Hutchinson's wife was described by historian Thomas W. Bicknell, writing 300 years after she lived, as "a pure and excellent woman, to whose person and conduct there attaches no stain." [6] Her own contemporaries, however, did not view her in the same light. She was helpful to the sick and needy, and she was undeniably gifted in argument and speech, but her theological doctrines and open disdain toward Boston's ministers began to inflame a growing controversy between Cotton's followers and the Puritan elders. [6] In late 1636, Governor John Winthrop wrote that Mrs. Hutchinson was "a woman of ready wit and bold spirit," but she had brought several dangerous theological errors which he elaborated on in his journal. [8] She was holding private meetings at her home, drawing many people from Boston and other towns, including many prominent citizens, and teaching them a religious view that was increasingly antithetical to the views of the Puritan church. [8] She also began to express an open disdain for most of the Puritan ministers, with the exception of Cotton. She was finally put on trial in November 1637, convicted, and banished from the colony along with some of her followers. [8]

Settling in Rhode Island

Portsmouth Compact with William Hutchinson's signature third on the list Portsmouth Compact document.jpg
Portsmouth Compact with William Hutchinson's signature third on the list

William Hutchinson and other supporters of his wife signed the Portsmouth Compact on 7 March 1638 before leaving Boston, agreeing to form a non-sectarian government that was Christian in character. [9] The group of signers considered going to New Netherland, but Roger Williams suggested that they purchase some land on the Narragansett Bay from the Narragansett Indians. They purchased Aquidneck Island, which was called Rhode Island at the time, and formed the settlement of Pocasset there, which was renamed Portsmouth in 1639. In June 1638, Hutchinson was the treasurer of the town and William Coddington was called judge, the name given to the chief magistrate of the settlement. [7]

The following year, a disagreement prompted Coddington and a few other leaders to leave Portsmouth and begin a new settlement at the south end of the island called Newport. Hutchinson became the judge (governor) of the Portsmouth settlement from 1639 until 12 March 1640, when Portsmouth united with Newport to become the Colony of Rhode Island, with Coddington elected as governor of the two-town colony, and Hutchinson becoming one of his assistants. [10] In his journal, Governor Winthrop described the 1639 disagreement in Portsmouth: "the people grew very tumultuous and put out Mr. Coddington and the other three magistrates, and chose Mr. William Hutchinson only, a man of very mild temper and weak parts, and wholly guided by his wife, who had been the beginner of all the former troubles in the country and still continued to breed disturbance." [8]

Hutchinson died in Portsmouth shortly after June 1641, after which his widow left Rhode Island to live in New Netherland on the border between the modern-day Bronx and Westchester County, New York. Soon after the move, she and her entire household were murdered by Indians in a massacre during a war with the Dutch in late summer 1643, with only one daughter escaping. [3] [10]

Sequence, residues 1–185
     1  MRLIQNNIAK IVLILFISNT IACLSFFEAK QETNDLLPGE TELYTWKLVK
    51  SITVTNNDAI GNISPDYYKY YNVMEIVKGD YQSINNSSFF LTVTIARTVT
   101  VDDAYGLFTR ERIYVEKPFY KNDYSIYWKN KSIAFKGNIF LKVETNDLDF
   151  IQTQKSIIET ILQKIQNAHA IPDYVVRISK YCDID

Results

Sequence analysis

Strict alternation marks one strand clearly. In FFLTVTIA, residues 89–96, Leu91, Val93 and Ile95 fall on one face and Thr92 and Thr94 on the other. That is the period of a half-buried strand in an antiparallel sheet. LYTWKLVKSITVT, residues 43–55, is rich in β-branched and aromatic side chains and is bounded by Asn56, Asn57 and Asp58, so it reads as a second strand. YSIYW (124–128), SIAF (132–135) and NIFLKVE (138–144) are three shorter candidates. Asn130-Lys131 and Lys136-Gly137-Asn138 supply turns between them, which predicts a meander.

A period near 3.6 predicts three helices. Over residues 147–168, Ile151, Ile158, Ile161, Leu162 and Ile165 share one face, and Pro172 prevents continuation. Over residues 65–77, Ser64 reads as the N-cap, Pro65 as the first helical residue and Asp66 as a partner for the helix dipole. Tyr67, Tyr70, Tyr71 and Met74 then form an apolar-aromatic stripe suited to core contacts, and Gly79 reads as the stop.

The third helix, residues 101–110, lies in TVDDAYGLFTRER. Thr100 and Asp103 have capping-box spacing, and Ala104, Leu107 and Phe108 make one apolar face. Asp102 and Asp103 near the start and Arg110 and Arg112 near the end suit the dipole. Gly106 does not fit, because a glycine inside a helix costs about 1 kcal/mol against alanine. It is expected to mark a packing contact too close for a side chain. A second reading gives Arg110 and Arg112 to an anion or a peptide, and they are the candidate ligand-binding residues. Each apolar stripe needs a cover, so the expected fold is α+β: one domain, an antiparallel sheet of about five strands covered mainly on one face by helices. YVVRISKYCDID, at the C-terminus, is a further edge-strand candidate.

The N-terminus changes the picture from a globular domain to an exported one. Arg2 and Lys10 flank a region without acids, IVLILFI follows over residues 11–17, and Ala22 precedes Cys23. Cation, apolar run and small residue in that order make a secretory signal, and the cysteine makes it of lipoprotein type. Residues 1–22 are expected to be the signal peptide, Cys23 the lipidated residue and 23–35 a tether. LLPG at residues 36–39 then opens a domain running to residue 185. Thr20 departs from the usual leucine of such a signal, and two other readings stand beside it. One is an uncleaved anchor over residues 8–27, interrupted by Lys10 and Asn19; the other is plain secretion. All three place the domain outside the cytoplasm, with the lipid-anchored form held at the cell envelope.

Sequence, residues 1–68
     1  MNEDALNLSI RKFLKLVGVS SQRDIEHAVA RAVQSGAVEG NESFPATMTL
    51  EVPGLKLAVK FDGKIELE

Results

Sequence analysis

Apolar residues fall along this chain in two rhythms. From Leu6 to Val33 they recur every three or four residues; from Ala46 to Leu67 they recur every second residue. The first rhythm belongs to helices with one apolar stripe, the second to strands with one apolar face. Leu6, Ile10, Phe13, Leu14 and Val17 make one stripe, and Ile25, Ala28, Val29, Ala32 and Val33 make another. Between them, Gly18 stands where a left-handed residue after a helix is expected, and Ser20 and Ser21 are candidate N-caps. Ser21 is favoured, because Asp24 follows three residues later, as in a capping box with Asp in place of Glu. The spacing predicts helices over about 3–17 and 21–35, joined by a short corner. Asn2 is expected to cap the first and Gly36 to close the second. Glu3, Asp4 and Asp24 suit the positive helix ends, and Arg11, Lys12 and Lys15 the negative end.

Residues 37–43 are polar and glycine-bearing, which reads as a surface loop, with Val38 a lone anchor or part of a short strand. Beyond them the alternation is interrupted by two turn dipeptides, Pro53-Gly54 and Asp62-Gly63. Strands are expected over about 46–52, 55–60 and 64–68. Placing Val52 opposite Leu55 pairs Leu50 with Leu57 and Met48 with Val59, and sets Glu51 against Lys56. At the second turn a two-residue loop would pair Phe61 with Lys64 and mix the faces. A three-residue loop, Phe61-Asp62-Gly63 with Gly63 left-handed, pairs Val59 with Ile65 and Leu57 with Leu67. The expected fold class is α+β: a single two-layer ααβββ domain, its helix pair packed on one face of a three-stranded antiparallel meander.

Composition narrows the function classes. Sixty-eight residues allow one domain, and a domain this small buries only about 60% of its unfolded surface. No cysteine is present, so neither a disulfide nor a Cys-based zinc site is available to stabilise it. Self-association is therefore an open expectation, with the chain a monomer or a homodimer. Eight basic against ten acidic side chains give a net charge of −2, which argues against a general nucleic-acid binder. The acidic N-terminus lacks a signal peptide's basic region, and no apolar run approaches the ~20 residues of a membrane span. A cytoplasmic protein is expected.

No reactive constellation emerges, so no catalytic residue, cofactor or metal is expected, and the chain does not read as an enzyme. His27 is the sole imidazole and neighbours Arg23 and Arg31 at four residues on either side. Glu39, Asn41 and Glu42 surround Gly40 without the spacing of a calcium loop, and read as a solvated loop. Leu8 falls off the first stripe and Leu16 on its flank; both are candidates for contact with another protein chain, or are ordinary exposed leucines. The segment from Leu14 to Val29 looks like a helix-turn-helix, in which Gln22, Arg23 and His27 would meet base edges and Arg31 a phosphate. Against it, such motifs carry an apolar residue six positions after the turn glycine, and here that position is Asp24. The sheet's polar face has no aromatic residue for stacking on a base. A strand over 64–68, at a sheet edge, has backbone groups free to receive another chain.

Family and descendants

William and Anne Hutchinson had 15 children, all but the last born in England. The oldest child was Edward, a captain who died from wounds received at the battle of Wheeler's Surprise during King Philip's War. [11] The fourth child was Faith, who married Thomas Savage, a Boston soldier and merchant. The fifth child was Bridget; she married John Sanford who succeeded William Coddington as Governor of the two towns on Rhode Island (Portsmouth and Newport) following the repeal of the Coddington Commission. [12] [13] Their 14th child was Susanna, the only survivor of the Indian massacre which killed her mother and six of her siblings. She was taken captive by those Indians and held by them for several years. [14]

Hutchinson's sister Mary was the wife of the Reverend John Wheelwright, another banished minister who founded Exeter, New Hampshire. [15] Prominent descendants of William and Anne Hutchinston include U.S. Presidents Franklin D. Roosevelt, George H. W. Bush, and George W. Bush. [16]

See also

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Antinomian Controversy

The Antinomian Controversy, also known as the Free Grace Controversy, was a religious and political conflict in the Massachusetts Bay Colony from 1636 to 1638. It pitted most of the colony's ministers and magistrates against some adherents of the Free Grace theology of Puritan minister John Cotton. The most notable Free Grace advocates, often called "Antinomians", were the charismatic Anne Hutchinson, her brother-in-law Reverend John Wheelwright, and the young governor of the colony Henry Vane. The controversy was a theological debate concerning the "covenant of grace" and "covenant of works".

References

  1. 1 2 3 4 5 6 7 Champlin 1913, p. 2.
  2. Chester 1866, p. 363.
  3. 1 2 Anderson 2003, p. 479.
  4. Venn.
  5. Anderson 2003, p. 477.
  6. 1 2 3 Bicknell 1920, p. 990.
  7. 1 2 Anderson 2003, p. 478.
  8. 1 2 3 4 Anderson 2003, p. 482.
  9. Austin 1887, p. 278.
  10. 1 2 Bicknell 1920, p. 991.
  11. Bonfanti 1981, p. 29.
  12. Anderson 2003, p. 480.
  13. Austin 1887, p. 171.
  14. Kirkpatrick 1998, p. 228.
  15. Anderson 2003, p. 481.
  16. Roberts 2009, pp. 365, 383, 398.

Bibliography

Online sources